While this home has been kept in excellent condition, but a few touches of what was likely once a beautiful mansion remain. This chandelier, for instance, along with the ornate wooden divider right behind it, greet guests as they enter. The rest of the home is now very simple, filled only with tables and chairs for the diners. Save for some old black & white photographs that have been printed on transparent film and attached to the home's windows (scary at night, when they begin to shut their lights!), the walls are void of decor.
On both my visits, the restaurant, which was still in the soft opening phase, was packed with patrons. They were, of course, not there to admire interiors of an old mansion, but rather to indulge in a sizable buffet featuring mostly local fare with a twist. An area to the side of the house, which was once likely a sunroom or lanai, is now home to Guevarra's long buffet.
For starters, there is an appetizer station that features a few items that I've seen in other Laudico restaurants, along with pizza, various fritters, some bread with ham and cheese (there is a toaster available) and soup. The lumpia shooters were quite familiar to me, as I'd had them at Bistro Filipino - these are much better served freshly cooked than they were after sitting in a buffet, as they tend to grease up and lose their crunch. I particularly enjoyed the baked oysters, which were essentially cooked Rockefeller-style, with a creamy sauce enrobing the oyster flesh.
Next to the appetizer station sits a long parade of chafing dishes that hold rice, noodles and a variety of meat and vegetable dishes. On one of my visits, they were serving bagoong rice, and on the other, they had annatto rice. They serve both the local pancit, as well as a Filipinized puttanesca that is made with tuyo. The vegetable dishes I tried included ginataang sitaw at kalabasa and bagnet pakbet. On the far end of the buffet are the meats - I very much enjoyed a pork dish that had a sweet soy-based sauce (I don't recall what it's called, but it reminded me of the toyoba we make at home), while my brother and friends swore by the Angus kare-kare. In general, the dishes were tasty and creatively executed, but I found most of them very oily.
Between the chafing dishes and the grill station sat the salads. Here, they offer both Western-style leafy greens, as well as vegetables that make up our local ensalada. Quite interesting is a bagoong vinaigrette, which adds a unique Pinoy twist to a simple salad. I also enjoyed how they offered different types of bagoong for the ensalada, including my favorite bagoong Balayan.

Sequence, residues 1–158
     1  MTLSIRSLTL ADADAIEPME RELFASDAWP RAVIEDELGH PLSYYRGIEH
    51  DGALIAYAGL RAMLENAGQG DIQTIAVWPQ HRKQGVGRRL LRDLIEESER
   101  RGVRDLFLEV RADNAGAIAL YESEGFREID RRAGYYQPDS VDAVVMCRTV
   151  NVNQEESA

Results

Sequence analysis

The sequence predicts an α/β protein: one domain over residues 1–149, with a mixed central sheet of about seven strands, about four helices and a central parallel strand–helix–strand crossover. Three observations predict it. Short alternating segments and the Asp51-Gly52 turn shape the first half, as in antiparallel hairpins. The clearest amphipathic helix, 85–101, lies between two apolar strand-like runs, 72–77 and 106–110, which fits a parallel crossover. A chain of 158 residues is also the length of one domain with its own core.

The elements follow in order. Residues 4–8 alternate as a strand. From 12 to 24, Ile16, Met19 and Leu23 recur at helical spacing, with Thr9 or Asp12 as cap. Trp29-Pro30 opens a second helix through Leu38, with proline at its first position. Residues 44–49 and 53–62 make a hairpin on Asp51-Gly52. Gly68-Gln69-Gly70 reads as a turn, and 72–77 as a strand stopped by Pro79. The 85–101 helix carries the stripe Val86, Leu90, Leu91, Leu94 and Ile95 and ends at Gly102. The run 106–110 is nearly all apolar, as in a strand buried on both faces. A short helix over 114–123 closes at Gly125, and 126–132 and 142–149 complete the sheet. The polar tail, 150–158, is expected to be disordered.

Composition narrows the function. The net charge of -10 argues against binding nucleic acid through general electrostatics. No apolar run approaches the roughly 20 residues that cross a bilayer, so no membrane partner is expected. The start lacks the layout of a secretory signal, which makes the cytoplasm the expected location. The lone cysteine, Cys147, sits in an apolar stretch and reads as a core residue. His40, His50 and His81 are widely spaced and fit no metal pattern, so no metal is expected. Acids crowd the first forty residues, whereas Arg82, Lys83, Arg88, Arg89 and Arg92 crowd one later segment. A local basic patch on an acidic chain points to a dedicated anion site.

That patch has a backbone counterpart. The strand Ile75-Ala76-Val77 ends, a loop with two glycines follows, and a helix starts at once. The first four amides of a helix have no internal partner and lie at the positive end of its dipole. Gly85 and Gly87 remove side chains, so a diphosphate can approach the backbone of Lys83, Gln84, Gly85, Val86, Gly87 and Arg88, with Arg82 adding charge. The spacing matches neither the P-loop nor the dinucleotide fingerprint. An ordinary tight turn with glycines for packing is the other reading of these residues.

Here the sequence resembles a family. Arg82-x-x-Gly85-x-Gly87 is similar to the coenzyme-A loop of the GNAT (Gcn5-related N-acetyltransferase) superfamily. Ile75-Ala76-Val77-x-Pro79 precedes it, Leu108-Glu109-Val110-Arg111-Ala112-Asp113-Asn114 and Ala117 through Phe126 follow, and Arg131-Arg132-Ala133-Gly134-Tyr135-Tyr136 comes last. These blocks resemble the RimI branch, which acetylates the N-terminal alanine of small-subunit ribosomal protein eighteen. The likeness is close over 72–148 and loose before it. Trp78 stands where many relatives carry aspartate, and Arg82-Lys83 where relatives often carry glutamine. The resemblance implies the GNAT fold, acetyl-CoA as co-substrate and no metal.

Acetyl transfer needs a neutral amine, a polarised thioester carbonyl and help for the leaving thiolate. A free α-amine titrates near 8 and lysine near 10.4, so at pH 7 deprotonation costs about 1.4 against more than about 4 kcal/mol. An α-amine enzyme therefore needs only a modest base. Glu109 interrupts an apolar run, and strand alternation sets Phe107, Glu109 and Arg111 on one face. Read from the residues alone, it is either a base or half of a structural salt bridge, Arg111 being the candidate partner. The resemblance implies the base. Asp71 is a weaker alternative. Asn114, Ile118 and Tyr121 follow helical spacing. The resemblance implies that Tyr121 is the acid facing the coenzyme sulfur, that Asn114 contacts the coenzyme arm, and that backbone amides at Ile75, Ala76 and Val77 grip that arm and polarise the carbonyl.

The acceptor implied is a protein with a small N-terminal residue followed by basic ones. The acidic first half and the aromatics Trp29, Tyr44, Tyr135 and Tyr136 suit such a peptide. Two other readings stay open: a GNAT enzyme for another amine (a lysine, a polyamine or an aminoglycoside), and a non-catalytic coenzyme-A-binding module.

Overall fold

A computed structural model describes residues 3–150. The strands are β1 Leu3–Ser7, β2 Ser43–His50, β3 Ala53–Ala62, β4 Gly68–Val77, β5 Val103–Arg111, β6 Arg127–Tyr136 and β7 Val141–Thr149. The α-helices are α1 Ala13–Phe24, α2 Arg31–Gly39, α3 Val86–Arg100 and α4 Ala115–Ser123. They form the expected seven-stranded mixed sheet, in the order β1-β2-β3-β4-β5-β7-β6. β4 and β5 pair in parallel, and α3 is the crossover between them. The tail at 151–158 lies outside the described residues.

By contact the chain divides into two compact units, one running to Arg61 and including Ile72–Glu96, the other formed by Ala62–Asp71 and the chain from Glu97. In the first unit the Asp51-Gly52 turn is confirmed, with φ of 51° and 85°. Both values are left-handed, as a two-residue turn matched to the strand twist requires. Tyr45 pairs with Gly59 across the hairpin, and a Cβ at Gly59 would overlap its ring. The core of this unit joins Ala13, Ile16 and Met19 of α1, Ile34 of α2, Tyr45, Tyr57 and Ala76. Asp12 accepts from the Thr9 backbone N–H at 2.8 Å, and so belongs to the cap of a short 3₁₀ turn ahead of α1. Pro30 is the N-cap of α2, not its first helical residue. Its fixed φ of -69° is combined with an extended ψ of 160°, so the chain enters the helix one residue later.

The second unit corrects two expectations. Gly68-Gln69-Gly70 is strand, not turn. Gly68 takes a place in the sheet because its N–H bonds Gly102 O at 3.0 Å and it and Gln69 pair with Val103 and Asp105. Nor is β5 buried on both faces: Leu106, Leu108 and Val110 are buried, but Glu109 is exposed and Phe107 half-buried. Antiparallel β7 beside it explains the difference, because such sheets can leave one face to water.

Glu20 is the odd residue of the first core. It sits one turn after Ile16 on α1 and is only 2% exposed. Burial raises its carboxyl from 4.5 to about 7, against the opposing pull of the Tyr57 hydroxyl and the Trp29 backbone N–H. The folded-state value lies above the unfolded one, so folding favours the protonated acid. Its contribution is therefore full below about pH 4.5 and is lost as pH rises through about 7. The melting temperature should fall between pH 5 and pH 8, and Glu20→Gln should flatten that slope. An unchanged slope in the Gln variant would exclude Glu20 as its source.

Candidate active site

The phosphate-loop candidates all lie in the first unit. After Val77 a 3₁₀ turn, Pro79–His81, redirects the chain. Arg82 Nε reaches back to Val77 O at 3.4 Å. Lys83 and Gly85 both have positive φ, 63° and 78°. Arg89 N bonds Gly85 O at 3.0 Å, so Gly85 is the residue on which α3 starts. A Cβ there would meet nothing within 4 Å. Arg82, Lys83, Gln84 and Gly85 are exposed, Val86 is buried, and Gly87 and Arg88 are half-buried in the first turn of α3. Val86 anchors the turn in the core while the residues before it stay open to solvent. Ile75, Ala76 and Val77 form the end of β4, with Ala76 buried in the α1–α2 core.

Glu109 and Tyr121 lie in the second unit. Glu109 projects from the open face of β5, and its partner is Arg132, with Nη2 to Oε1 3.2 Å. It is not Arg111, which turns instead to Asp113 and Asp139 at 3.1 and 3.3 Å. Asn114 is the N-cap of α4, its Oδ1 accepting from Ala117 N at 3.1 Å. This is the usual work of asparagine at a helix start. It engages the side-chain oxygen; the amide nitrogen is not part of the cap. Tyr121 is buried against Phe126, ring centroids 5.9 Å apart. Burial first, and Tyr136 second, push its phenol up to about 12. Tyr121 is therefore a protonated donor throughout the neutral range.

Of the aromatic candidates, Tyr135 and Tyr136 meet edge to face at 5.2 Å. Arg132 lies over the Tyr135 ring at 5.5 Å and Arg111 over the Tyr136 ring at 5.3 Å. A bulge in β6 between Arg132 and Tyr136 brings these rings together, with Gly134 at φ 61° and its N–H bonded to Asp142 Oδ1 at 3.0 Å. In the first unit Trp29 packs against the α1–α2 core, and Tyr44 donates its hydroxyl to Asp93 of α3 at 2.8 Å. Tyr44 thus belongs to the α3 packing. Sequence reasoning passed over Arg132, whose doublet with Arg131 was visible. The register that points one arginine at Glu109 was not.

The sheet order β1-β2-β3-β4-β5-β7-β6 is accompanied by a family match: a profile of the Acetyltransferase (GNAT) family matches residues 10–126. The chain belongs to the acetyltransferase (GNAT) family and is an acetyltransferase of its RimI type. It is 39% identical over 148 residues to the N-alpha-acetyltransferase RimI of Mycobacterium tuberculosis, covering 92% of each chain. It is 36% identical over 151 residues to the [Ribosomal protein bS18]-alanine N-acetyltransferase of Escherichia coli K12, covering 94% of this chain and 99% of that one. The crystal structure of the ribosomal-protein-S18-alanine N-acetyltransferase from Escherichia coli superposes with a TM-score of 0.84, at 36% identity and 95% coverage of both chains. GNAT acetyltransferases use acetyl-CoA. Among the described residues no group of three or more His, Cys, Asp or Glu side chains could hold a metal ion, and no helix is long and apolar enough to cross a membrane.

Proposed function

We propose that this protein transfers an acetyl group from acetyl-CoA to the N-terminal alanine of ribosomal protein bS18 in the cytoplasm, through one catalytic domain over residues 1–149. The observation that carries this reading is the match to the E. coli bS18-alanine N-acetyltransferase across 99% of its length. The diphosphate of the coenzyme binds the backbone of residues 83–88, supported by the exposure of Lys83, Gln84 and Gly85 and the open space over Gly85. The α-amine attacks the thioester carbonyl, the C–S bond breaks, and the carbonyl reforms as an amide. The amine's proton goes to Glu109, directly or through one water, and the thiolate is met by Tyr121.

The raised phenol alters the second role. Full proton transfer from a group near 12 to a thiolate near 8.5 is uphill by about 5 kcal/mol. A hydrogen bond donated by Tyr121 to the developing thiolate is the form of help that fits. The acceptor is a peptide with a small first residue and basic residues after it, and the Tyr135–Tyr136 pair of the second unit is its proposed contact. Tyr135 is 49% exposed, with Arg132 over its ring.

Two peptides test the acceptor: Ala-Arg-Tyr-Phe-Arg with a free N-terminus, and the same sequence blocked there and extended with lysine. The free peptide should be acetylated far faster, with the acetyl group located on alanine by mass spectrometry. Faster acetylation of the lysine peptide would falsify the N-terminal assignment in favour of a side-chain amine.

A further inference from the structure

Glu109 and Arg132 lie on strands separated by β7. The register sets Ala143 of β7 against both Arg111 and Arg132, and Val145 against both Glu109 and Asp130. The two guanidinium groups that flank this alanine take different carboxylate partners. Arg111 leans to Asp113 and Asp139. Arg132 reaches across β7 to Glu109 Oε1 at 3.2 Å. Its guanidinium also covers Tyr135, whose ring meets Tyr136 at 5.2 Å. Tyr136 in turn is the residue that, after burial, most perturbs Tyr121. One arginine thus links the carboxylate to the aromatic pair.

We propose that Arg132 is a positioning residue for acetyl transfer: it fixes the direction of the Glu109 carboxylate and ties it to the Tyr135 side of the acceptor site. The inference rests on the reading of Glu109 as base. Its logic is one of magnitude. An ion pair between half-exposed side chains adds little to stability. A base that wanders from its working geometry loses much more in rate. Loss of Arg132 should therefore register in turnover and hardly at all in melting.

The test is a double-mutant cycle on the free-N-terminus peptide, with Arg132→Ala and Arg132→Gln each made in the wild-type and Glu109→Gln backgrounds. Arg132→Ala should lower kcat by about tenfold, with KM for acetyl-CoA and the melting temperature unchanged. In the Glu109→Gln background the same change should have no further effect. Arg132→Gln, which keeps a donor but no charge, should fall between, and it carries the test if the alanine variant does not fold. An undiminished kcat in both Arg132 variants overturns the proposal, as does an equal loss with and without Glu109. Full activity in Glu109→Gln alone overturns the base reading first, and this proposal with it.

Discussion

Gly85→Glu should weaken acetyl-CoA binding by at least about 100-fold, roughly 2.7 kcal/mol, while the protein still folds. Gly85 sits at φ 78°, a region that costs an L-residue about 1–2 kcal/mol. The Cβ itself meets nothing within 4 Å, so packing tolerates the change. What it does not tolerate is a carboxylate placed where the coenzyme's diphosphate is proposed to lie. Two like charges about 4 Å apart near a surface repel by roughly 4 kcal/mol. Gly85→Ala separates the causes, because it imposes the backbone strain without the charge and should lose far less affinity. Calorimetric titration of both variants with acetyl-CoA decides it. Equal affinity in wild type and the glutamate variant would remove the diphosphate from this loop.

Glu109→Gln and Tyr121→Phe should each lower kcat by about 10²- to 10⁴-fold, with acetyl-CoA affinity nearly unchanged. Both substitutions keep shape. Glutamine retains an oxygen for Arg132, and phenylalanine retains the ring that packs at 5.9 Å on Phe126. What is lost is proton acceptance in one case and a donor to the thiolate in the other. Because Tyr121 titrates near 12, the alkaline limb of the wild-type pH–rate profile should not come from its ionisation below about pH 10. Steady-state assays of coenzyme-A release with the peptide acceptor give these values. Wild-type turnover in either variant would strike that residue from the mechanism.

Most what I personally consumed came from the grill and carving station, as I had convinced myself that this was the "healthiest" part of the buffet. They offer a variety of grilled meat and seafood - chicken, pork, beef, shrimp, squid and gindara. For carving are Angus beef belly, pork belly roll, lechon and roast chicken. I thought the seafood was very well grilled, so I had my fill of squid and shrimp - both perfect with some ensalada and rice. I also tried the beef belly, which I found too rich, and the roast chicken, which I felt was a bit dry and bland.
As I do each time I dine at a buffet, I left some room for dessert. Guevarra's selection includes chocolate fondues with fruit and biscuits for dipping, miniature pastries such as tarts, yema balls (this reminded me of a donut hole with filling) and suman panna cotta, although they only had this signature Laudico dessert on one of my two visits. As announced on a nondescript sign on the wall, which I missed on my first visit, there are also frozen desserts served to order - frozen brazo and halo halo shooters. My favorite part of the dessert station, however, was the soft serve ice cream machine, which churns out a home-made, carabao-milk-based frozen treat. The vanilla tasted like pastillas de leche. The second flavor seems to vary, as it was chocolate on my first visit and ube on my second.
Of course, given the mass inflow of customers and the fact that they were still on soft opening when I visited, the service was still a bit frantic. The buffet lacked labels and serving utensils, they ran out of glasses and silverware for the tables (when I requested for a glass and some teaspoons, the waiters advised me that they were still being washing). Particularly entertaining was this label, which I think is supposed to read "Hamonado."
Birthing pains aside, it's quite easy to understand why Guevarra's was packed on the two evenings I visited. The place is a no-brainer if you have to foot the bill for a large party - the weekday lunch buffet is P399, the weekday dinner buffet P499 and weekend buffet P599. For the amount and variety of food, it is quite a steal.
I found Guevarra's to still be a little rough on the edges when I visited, but with a some more polish this place has the potential to be a gem. A meal in an old mansion can and should be an elegant experience. If they are able to elevate the service, make the atmosphere a bit more relaxed and keep the quality and flavor of their food consistent, this is a place that I think many - including myself - would come back to again and again.
Chef Laudico - Guevarra's
387 P. Guevarra St. cor. Argonne St.,
Addition Hills, San Juan
Tel: +632 705 1874 / 705 1811